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Bridging perspectives: the experience of being a Youth Data Analyst

This summer, I had the opportunity to work for St. Louis Park Public Schools through the Youth Data Analyst (YDA) program. Four peers and I spent the summer creating and conducting a research experiment based off of a question concerning our district and community. Through this process, we were given a chance to take autonomy over our learning and explore an undergraduate level research program.

Senior Ford Marciniak, one of the five YDA students, said YDA not only bonded him with his peers but pushed him to a new level academically. 

“Two of the pros I had this summer with YDA were the people I got to work with. We all got closer with each other by discussing topics that were new to me, eating really good food, and playing games! UNO will never be the same after YDA,” Marciniak said. “Another pro was going through the research process and seeing it go from start to finish. This project has been some of the most fleshed out and deep work I've done in an academic environment. I've carried not only what we learned about school systems with me, but that analytical lens towards life as well. I'm not sure I could think of a con to do with YDA itself, as I think it's a gold standard for a work environment, and I know my bar is going to be set unreasonably high after working with such an uplifting crew. The only con that comes to mind is with myself, and how I spent my time in YDA. If I could go back and do it again, I'd have been more engaged, especially with our readings as there was a lot to learn from the literature we read.”

Junior Jaiden Leary, another YDA intern, said YDA empowered his voice and changed his perspective on education. 

“The YDA experience has only upsides. The interaction and inside look I got within the district was eye opening,” Leary said. “On top of that the fact that I got to have a voice in change implications within the school was also profound.”

Marciniak said that while the work he did was informative, the course definitely pushed the interns at times.

“At times it was hard, this level of work was something that I hadn’t done before, especially in a group setting. Though everyone was diligent about the work they had, and communication was great in ensuring that we all knew what each one of us was working on, so I was confident I could do my part and everyone else seemed confident they could do theirs,” Marciniak said. “When we weren’t really getting anywhere with an approach to the research process, our mentors could see that and knew we needed to change things up. We didn’t waste any time, as meeting only two days a week meant we needed to get straight to business. It never felt rushed despite that, and we found plenty of time to focus on getting to know each other better and make it a meaningful experience.”

According to senior Estrella Ochoa, a YDA intern, the workload felt less strenuous because the content excited her.

“The workload wasn't bad and as someone who usually has trouble being motivated enough to get work done, YDA actually had me excited to work,” Ochoa said.

Marciniak said that working with his co-workers throughout the summer allowed him to hear new perspectives and share important stories.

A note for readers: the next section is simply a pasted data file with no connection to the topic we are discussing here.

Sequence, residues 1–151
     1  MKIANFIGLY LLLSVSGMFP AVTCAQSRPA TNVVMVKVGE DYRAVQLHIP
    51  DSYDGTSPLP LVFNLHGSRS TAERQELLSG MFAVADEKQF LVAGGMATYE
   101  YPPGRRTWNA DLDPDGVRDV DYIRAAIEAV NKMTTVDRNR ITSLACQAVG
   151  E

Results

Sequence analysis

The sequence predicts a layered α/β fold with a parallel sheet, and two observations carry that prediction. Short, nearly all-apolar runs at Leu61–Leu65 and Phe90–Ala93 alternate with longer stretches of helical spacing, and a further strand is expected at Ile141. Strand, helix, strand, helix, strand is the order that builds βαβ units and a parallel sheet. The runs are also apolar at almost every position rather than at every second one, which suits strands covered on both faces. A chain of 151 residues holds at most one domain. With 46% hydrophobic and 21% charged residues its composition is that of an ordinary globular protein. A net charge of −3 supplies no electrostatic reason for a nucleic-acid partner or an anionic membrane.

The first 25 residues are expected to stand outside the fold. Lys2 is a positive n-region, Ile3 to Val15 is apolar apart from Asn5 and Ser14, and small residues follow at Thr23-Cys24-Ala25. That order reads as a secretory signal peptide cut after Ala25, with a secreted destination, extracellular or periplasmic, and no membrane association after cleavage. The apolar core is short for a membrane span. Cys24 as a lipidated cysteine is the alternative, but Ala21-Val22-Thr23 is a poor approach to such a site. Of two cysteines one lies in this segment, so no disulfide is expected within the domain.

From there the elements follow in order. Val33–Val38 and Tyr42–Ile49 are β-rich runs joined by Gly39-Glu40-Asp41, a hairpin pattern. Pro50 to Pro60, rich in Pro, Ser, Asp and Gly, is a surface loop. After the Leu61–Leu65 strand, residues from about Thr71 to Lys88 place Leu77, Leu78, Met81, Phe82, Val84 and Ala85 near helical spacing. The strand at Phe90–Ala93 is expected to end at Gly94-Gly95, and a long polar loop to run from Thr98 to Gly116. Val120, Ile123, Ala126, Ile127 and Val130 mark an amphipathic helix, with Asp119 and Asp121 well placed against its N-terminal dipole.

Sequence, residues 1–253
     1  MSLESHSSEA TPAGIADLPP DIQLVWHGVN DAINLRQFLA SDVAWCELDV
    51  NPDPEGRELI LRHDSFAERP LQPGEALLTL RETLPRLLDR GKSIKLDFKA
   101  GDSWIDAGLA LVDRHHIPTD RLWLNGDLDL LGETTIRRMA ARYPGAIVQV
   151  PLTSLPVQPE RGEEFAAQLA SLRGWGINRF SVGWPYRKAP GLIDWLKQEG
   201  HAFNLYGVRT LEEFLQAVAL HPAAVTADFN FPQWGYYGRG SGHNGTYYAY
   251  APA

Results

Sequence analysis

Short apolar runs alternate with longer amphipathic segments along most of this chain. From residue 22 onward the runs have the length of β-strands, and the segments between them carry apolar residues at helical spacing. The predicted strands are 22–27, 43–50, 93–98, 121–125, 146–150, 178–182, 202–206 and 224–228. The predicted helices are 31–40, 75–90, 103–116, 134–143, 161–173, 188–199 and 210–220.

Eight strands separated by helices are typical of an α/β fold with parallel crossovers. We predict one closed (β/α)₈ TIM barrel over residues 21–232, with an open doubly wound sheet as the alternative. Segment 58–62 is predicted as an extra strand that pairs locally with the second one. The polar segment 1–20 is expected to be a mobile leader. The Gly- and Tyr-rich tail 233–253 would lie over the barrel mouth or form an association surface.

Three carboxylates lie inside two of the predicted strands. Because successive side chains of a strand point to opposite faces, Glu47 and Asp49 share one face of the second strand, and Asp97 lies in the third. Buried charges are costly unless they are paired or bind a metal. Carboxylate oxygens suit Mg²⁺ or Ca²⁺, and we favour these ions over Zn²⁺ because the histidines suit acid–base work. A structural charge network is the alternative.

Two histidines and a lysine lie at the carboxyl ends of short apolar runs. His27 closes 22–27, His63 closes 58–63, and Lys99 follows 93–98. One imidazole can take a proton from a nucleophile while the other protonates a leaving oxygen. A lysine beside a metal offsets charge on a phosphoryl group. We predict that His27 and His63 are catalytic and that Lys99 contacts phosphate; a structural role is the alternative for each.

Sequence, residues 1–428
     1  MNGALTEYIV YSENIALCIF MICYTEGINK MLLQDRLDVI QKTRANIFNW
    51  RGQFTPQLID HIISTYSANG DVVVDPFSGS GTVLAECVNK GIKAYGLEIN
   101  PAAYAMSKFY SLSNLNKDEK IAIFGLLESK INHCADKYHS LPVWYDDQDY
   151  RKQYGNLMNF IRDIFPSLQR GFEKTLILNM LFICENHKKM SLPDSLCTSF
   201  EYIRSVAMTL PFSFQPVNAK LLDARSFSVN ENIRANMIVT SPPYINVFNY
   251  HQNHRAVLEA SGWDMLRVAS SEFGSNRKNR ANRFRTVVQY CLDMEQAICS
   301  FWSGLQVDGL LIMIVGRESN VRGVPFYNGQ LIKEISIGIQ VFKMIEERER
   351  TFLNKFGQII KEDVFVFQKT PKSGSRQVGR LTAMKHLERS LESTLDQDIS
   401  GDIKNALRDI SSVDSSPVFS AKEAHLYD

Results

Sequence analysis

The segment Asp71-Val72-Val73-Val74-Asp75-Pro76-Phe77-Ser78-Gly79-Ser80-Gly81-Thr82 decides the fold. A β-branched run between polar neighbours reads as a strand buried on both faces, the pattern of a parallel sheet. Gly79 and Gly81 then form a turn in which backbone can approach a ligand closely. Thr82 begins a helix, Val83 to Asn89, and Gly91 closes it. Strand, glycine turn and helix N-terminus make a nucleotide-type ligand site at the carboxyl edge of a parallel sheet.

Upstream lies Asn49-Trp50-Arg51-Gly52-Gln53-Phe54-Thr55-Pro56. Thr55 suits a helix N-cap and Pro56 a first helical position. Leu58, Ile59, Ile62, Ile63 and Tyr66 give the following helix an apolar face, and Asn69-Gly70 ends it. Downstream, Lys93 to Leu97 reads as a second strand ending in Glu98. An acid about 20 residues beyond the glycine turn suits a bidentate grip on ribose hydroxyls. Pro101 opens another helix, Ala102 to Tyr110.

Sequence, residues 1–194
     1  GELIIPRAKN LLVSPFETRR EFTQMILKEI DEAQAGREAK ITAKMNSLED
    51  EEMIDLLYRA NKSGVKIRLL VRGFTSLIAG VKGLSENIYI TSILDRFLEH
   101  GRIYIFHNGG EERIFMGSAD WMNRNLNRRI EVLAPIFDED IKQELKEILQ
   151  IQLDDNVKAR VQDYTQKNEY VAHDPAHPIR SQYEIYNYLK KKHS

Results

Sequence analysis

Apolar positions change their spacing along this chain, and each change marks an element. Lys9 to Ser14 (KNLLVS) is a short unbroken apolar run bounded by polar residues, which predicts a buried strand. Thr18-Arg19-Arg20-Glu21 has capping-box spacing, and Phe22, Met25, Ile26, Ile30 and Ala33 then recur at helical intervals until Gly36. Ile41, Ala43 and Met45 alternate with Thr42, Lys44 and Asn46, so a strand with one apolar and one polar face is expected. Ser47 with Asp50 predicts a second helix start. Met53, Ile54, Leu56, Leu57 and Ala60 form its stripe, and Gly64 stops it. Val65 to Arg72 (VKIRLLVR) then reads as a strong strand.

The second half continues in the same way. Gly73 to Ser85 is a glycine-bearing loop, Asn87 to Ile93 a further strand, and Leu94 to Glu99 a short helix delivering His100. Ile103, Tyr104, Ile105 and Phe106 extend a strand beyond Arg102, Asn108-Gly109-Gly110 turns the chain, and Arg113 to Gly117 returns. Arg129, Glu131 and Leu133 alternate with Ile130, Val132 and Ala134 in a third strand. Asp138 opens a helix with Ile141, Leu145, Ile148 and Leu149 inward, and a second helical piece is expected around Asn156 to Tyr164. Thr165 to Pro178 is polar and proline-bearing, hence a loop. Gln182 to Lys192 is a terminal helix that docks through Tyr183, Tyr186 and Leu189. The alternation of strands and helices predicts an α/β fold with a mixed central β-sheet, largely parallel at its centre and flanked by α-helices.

“Most of the time I was in awe of those sitting at the table around me. Moments like discussing the racialized data and hearing a co-worker’s perspective was eye-opening at times,” Marciniak said. “There were things that as a white male student, I hadn’t experienced in my teacher-student relationships and was surprised to have heard such stories from fellow students. It was really powerful stuff and everyone approached each conversation with such fidelity and respect, a refreshing space that was new to me.”

Leary said that all students who have considered applying for YDA should take the leap, as everyone has a perspective to share.

“I would say to students considering it- no matter who you are, you have value,” Leary said. Your experiences and character have immense and irreplaceable value to the program.”

Marciniak said he encourages anyone interested in the program to apply, and to not stress about potential technical barriers to being involved with the internship.

“I seriously recommend you do this internship if you are at all interested in researching a topic, working in education/data-collection, or just need some spending cash over the summer. Since you only meet two days a week, it gives you plenty of free time, or an open schedule to work another job on top of it,” Marciniak said. “The accommodations were unbelievable, I was provided a taxi service completely free of charge that allowed me to get back and forth seamlessly from home to work, which I’m beyond grateful for. We got to go on field trips, have an unbelievable amount of food catered for free for us, explore the UMN Twin Cities campus, interview students from all across the St. Louis Park Schools, and built connections with some seriously smart people. It makes you look really good on college applications too which is always a plus. You’ll need to be able to show up and say what’s on your mind, as well as really listen as there are a lot of important things to get through and you can’t afford to constantly be playing catch-up. If you open yourself up to it, there’s a family to be found within YDA and it was really bittersweet walking away from it. If you’ve already read this far, then you must be interested in taking on the challenge; DO IT!”